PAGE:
Stories from Old Chronicles. By Kate Stephens. (Sidgwick and Jackson.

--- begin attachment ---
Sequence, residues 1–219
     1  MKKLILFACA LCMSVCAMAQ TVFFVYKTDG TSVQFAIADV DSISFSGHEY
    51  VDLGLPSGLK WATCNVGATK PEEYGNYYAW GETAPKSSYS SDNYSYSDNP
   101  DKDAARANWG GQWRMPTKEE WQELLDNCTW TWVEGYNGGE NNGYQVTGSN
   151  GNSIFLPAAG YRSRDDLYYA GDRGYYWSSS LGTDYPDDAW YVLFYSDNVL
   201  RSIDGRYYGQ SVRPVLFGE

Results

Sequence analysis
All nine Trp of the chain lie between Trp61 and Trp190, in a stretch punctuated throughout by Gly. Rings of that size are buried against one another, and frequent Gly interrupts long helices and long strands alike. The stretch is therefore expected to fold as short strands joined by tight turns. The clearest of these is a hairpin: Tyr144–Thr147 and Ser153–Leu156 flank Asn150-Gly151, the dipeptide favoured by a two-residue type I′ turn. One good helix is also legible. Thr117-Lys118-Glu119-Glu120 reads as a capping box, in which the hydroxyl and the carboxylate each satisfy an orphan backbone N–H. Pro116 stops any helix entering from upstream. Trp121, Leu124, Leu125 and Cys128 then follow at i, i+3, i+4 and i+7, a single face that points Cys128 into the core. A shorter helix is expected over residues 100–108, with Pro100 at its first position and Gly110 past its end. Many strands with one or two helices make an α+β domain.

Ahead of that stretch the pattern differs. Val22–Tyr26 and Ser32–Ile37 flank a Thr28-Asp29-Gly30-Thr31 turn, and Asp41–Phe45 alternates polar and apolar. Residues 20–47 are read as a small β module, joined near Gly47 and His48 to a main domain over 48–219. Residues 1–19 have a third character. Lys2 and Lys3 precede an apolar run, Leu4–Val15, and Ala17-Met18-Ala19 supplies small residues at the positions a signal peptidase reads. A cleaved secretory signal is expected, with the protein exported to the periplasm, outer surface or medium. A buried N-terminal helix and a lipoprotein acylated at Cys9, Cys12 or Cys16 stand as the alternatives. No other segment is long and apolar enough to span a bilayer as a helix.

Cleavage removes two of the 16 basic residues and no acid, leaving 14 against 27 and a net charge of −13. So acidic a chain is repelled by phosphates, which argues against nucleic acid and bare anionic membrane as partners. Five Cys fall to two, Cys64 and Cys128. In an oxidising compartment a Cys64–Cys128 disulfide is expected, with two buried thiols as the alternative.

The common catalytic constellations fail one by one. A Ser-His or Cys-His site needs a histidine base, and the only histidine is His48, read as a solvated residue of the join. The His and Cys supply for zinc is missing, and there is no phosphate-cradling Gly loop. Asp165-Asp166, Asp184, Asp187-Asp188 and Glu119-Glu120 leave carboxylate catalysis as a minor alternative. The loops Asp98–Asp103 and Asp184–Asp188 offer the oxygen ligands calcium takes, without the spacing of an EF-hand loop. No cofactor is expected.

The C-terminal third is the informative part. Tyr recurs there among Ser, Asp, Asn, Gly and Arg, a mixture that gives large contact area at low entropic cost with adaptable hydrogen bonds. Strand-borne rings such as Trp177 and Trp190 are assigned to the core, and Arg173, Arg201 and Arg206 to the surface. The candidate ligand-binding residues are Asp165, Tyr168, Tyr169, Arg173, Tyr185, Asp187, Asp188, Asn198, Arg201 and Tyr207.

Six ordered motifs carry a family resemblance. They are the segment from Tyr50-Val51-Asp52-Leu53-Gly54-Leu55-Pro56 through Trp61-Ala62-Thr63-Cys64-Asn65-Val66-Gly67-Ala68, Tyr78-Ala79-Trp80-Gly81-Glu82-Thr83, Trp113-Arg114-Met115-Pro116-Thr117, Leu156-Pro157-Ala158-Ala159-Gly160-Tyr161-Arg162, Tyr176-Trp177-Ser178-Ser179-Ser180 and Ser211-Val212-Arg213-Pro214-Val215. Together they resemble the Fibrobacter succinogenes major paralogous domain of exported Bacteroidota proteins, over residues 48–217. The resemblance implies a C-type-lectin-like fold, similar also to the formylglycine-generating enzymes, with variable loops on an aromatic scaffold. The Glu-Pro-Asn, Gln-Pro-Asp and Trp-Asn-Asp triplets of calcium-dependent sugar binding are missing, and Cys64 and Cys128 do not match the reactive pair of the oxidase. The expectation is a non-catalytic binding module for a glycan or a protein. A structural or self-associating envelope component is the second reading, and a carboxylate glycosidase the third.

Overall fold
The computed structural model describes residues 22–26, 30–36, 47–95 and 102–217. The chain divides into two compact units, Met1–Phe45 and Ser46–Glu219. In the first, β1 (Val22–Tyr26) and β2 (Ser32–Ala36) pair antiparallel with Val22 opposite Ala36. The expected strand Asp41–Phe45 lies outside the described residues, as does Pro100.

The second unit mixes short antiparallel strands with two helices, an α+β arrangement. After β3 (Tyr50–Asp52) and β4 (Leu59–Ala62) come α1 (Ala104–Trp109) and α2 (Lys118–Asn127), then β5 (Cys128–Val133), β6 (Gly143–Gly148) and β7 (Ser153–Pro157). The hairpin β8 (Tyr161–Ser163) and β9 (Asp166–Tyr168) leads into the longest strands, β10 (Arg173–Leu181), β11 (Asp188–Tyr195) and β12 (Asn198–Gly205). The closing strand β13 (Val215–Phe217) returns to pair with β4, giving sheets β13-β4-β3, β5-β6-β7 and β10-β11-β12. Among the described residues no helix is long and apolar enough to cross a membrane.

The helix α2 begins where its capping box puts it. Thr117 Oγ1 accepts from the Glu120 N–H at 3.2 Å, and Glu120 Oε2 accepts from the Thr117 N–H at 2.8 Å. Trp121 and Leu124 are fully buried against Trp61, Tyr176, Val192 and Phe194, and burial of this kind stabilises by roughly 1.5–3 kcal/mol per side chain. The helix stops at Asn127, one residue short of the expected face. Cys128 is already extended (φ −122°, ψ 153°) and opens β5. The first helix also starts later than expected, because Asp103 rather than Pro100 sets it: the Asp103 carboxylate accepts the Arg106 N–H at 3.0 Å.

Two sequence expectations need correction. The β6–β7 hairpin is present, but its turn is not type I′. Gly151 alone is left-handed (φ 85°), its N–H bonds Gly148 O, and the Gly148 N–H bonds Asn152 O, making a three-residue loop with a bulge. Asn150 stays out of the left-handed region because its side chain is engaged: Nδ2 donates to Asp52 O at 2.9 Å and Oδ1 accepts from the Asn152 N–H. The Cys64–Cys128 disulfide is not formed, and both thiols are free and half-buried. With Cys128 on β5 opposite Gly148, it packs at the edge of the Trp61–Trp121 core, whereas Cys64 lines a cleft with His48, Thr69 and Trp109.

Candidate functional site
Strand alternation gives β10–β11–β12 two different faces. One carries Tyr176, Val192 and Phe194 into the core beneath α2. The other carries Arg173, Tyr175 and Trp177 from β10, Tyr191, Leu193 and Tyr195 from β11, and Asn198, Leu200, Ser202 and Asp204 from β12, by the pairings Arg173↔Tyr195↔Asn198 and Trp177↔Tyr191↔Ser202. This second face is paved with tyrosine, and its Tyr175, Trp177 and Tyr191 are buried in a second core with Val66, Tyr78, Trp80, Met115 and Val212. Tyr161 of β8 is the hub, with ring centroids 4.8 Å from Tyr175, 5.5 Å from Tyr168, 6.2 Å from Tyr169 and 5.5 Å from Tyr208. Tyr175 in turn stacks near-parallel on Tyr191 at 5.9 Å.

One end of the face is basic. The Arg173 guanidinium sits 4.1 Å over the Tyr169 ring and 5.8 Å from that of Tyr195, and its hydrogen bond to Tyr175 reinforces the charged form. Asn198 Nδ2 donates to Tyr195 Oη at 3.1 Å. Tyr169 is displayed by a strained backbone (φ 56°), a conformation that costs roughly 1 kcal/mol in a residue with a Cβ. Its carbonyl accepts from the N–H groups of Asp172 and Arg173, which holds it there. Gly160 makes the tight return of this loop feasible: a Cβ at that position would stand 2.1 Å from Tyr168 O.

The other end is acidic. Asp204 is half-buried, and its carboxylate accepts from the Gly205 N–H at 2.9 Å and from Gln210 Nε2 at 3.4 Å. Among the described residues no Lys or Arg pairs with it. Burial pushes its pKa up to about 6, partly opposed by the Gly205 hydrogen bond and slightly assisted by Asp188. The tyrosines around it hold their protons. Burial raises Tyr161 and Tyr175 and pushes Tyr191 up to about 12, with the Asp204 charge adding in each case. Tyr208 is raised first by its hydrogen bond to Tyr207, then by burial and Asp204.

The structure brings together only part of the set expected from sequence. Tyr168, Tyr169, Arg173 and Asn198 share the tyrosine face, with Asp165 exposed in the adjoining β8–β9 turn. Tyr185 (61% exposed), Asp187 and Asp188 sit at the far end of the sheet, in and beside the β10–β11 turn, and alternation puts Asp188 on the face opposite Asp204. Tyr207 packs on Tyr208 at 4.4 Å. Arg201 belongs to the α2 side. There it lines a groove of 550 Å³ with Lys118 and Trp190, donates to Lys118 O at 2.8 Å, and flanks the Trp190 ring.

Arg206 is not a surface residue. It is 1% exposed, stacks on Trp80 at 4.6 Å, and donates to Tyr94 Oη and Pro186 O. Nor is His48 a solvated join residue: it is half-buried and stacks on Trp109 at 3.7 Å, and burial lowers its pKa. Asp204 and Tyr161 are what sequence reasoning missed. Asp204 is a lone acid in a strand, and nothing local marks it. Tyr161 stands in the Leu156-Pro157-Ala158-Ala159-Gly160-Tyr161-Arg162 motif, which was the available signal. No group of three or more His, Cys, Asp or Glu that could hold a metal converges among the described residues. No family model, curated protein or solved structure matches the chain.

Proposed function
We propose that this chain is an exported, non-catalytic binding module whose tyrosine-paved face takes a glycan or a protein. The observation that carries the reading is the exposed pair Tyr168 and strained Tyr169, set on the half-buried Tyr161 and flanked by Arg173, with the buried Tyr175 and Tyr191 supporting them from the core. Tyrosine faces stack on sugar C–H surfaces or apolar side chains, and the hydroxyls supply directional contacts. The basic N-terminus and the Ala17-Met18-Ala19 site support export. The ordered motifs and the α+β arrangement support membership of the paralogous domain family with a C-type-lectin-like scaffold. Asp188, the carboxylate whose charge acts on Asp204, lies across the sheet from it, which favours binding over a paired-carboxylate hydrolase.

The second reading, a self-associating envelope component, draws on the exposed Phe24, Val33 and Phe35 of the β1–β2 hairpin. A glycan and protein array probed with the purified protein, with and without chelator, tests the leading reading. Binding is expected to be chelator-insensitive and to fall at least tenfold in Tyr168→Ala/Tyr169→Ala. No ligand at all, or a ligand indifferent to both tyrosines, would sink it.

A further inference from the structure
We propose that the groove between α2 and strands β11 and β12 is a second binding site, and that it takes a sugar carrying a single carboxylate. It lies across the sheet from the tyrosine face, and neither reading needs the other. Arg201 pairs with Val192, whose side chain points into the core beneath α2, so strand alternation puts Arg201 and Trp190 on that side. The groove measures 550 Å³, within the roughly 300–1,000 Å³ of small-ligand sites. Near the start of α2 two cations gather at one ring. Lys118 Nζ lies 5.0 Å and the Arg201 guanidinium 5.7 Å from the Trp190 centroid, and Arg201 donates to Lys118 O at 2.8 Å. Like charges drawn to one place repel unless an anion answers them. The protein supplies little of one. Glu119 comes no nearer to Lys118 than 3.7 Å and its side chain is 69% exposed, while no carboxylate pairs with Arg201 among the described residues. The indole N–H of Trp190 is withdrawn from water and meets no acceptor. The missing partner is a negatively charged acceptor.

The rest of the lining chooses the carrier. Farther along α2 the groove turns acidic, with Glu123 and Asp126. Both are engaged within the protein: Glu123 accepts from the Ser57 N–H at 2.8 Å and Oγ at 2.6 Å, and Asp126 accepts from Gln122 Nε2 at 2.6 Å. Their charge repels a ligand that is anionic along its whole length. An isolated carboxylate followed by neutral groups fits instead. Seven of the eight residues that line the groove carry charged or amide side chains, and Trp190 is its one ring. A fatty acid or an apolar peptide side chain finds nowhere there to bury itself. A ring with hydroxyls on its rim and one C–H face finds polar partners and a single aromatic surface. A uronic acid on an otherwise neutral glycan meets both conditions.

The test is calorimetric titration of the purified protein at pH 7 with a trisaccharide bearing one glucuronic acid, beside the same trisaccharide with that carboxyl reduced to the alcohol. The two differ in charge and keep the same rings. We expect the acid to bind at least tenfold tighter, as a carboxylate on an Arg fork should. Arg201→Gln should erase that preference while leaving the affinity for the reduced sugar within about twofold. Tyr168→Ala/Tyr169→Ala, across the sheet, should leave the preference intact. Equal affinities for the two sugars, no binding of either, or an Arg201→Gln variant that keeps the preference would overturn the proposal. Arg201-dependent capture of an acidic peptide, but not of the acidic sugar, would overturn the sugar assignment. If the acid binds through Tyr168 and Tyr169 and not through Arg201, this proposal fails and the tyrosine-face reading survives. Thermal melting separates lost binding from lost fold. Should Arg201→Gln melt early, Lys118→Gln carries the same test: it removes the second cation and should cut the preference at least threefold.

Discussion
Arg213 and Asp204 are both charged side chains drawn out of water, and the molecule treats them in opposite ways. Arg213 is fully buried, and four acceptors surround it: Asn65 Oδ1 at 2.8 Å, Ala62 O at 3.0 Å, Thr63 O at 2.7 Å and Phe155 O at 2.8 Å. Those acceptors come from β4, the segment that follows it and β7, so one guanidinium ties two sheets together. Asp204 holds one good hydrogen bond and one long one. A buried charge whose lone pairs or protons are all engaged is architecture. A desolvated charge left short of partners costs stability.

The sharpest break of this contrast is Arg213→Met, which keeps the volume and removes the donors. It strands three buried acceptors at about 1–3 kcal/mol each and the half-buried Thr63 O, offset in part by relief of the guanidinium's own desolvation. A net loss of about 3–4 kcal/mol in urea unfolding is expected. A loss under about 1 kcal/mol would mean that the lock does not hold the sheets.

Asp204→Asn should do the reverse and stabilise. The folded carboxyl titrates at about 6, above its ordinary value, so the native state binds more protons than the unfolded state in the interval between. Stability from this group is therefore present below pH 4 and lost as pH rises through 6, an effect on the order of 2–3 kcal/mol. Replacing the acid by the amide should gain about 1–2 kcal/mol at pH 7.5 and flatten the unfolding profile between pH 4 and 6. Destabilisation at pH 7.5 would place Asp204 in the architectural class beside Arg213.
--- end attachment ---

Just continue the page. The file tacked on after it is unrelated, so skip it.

ls. 6d.)—These fourteen stories, which begin with Boadicea and end with the Princes in the Tower—we do not reckon "King Lear and his Three Daughters "—are admirably told. Miss Stephens uses her originals, Holinshed, Asser, Froissart, and others, with great discretion. Among the subjects are Arthur, Alfred, the battle of Hastings, and the story of Wat Tyler. Perhaps in dealing with this last it would have been better to be content with a general caution against the aristocratic leanings of Froissart. Young readers can hardly judge of particular points. The motto chosen is from Ruskin, who tells us that " the only history worth reading is that written at the time of which it treats." A note as to the authority which Holinshed used for his story of Boadicea would have been useful to satisfy a possible critic. Tacitus may very well have talked with men who served in the campaign.